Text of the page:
at 99% accessible over the course of the year (See Figure 3) Figure 3 – South

Figure 3 – South Centre Lower Roof - Solar Access

Structural Review

Pow Peterman Consulting Engineers provided a review of the building structure with regards to support of roof mounted photovoltaic modules. The amount of structural reinforcement is contingent on the array. Larger array's will require more reinforcing as the loads applied to the roof will increase. The structural review is summarized into the two areas including budget costs for each.

Location 1:

The existing structure of the cafeteria and gymnasium is constructed of open web steel joists spanning the distances between North and South walls. Upon review of the existing structure capabilities it was found that there is currently insufficient load capacity to install the system without reinforcing the roof structure. A comprehensive structural analysis should be performed to determine the actual load capacity of the open web steel joists in comparison to the specified design load. The comprehensive structural analysis will also determine the amount of modifications required to properly reinforce the open web steel joists for the additional load of the PV modules as well as the structural sleepers required to maintain roof serviceability.

Budget Costs:

- Comprehensive Structural Analysis

$ 5,000

- Cafetorium Ceiling Removal/Re-install

$10,000

- Open Web Steel Joist Reinforcing

$15,000

- Structural Mounting System

$35,000

- Roofing Modifications

$25,000

- Solar Mounting System

$27,000

- Sub Total

$117,000

Feasibility Study for Installation of a Photovoltaic System Parkside Collegiate Institute, St. Thomas, ON

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Location 2:

The existing roof structure of the lower roof areas is constructed of a precast concrete roof system. This roof system has a surplus load capacity that is suitable for the installation of PV modules. A series of longitudinal beams can be fastened directly to the concrete deck without any structural reinforcing required to the structure. The racking system then can be mounted to the beams allowing for serviceability of the roof.

Budget Costs:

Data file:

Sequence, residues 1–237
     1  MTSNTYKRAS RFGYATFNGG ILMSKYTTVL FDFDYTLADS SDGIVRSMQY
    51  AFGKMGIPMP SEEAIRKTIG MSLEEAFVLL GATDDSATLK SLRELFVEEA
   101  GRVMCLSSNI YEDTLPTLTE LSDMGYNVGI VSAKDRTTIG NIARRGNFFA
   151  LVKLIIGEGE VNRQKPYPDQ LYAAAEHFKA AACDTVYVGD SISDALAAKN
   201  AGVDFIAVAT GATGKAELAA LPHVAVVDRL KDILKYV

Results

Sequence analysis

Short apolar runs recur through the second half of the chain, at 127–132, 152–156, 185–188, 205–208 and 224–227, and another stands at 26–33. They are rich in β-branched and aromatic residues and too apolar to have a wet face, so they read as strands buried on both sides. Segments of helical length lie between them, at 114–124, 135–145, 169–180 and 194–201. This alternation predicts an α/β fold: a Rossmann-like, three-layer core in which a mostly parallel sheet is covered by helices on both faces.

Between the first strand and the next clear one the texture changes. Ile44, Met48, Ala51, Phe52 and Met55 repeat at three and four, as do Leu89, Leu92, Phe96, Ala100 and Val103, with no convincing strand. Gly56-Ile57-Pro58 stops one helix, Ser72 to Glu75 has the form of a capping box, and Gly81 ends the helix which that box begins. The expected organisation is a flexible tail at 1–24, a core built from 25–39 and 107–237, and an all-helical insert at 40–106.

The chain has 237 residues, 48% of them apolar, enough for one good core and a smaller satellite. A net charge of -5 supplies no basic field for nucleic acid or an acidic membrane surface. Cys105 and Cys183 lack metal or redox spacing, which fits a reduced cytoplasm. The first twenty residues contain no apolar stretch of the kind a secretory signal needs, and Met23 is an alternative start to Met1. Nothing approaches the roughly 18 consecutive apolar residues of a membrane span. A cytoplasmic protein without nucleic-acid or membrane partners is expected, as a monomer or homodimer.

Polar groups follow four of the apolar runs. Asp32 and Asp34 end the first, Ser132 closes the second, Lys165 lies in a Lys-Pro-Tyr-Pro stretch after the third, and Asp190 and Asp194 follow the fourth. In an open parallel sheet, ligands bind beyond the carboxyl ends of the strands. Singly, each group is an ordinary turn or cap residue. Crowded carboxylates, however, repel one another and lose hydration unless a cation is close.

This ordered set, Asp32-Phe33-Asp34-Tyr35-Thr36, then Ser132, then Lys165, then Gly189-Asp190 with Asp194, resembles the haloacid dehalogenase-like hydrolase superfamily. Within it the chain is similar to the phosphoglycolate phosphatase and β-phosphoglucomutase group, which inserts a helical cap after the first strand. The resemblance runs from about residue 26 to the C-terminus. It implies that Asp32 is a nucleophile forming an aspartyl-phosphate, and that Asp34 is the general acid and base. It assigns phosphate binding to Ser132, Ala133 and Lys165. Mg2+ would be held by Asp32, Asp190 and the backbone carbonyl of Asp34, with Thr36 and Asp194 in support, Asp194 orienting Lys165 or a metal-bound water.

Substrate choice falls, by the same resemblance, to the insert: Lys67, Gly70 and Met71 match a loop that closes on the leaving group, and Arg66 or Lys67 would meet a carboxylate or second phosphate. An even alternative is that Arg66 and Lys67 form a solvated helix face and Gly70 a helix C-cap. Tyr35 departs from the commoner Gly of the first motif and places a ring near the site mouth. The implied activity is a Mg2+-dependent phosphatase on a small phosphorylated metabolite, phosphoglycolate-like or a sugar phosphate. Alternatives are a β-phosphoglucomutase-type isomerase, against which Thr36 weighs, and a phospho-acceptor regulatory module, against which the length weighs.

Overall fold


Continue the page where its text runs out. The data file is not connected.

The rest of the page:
- Comprehensive Structural Analysis

$1,500

- Structural Mounting System

$35,000

- Roofing Modifications

$25,000

- Solar Mounting System

$27,000

- Sub Total

$88,500

Photovoltaic System Installation

Utilizing the Lower South roof location (Location 2) for the installation of the PV modules is the preferred mounting location. This roof area will not require extensive structural reinforcing, thus reducing overall installation costs. This location also provides an area that has a limited amount of physical obstructions.

an area that has a limited amount of physical obstructions. Figure 4 – South East Lower

Figure 4 – South East Lower Roof

The proposed panel and mounting layout will cover roughly half of the South East roof area available, allowing the option to increase the amount of PV modules in that roof area. For your review we have also included an economic analysis of a 40kW system, keeping in mind that a larger sized system could be easily supported by utilizing the remainder of the lower roof areas. The roof plan (refer to Figure 5 below) gives an indication of the installation area. We do not anticipate any significant shading of the PV modules installed in this roof area, given the current site conditions.

Feasibility Study for Installation of a Photovoltaic System Parkside Collegiate Institute, St. Thomas, ON

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Parkside Collegiate Institute, St. Thomas, ON Page 7 of 15 Figure 5 – Roof Plan and

Figure 5 – Roof Plan and Location of Photovoltaic Modules